Spitting Can Spread VirusTimes of India
05 September 2009
By Samarpita Banerjee & Shambhavi Anand
Spitting can spread virus
The unhygienic habit of spitting, a widespread practice in our country, is more than just a display of atrocious manners. The act, experts say, is one of the easiest ways of transmitting the H1N1 virus and a host of other contagions.
Experts contend that the phlegm of a disease–carrier can spread air–borne respiratory diseases such as tuberculosis (TB), pneumonia and influenza (including swine flu) and even lead to a TB epidemic if the habit remains unchecked. Since the doctors claim that the virus can stay alive in the saliva for more than eight hours, it can easily help in transmitting the diseases.
Dilip Sarda, president of the Indian Medical Association, Pune chapter, agreed that spitting was one of the easiest ways by which the dreaded H1N1 virus could be transferred. “Spitting is a habit which is not just limited to uneducated people. People need to realise that this habit can help in spreading the disease very easily and very fast. With the ongoing festivals, people crowd streets and spitting in public places could have serious consequences,” he warned.
Agreeing to this, Anil Bhandwalkar, president of the General Practitioners’ Association, said, “Not just H1N1 flu, spitting can help spread any respiratory disease. And if the weather conditions are suitable, the virus can stay alive for about six to eight hours. Even if the likelihood of others coming in contact with the phlegm is much less in comparison with sneezing and coughing, the possibility of contraction cannot be ruled out.”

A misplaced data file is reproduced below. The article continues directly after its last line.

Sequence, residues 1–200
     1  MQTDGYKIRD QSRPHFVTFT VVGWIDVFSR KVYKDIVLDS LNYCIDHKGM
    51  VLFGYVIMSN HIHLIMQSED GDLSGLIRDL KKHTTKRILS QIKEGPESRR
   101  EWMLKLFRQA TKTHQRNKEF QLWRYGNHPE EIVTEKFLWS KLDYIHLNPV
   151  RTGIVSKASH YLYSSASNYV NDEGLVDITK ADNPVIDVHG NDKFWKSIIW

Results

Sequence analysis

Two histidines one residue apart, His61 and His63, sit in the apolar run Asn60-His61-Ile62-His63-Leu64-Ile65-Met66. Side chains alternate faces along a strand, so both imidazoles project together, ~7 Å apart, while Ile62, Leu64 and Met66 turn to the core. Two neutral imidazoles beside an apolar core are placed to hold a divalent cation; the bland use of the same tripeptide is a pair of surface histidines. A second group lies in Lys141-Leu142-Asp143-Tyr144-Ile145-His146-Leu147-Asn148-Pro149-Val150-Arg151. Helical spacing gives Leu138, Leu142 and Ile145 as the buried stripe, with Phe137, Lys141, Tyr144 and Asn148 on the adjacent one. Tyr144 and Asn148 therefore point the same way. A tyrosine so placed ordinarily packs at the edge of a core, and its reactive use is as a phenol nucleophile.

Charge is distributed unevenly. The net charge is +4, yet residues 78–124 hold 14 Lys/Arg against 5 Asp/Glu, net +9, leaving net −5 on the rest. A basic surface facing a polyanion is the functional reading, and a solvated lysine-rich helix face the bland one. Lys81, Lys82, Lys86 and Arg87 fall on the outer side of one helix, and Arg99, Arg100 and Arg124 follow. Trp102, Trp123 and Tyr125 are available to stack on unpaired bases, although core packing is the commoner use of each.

Elaborating on how this habit could help spread contagions, Sanjay Pujari, director of the Institute of Infectious Diseases, said, “While spitting, one brings the sputum out of the oral cavity. This might also bring out some viruses which can spread diseases.”
“Coughing, talking, sneezing and singing are also easy ways of respiratory transmission. While doing these, one releases droplets of infection directly from the respiratory tract. This is where the virus resides. But while spitting, sputum comes out of the oral cavity. This might also bring out the virus and is definitely an unhyeginic practise,” he added.
“There has been no study to prove this but it is possible that the infection might get transmitted through spitting,” he further said.
Doctors also feel that there should be more awareness drives in slums where people do not know much about hygiene. “Apart from telling them about how the disease can be avoided, stress should be given on hygiene. People should be made aware that spitting can transfer the disease and this should be strictly avoided,” Bhandwalkar said.
It may be noted that spitting is a punishable offence under section 116 of the Bombay Police Act, 1951. As per the Act, the offence is liable to attract a penalty of up to Rs 1,200.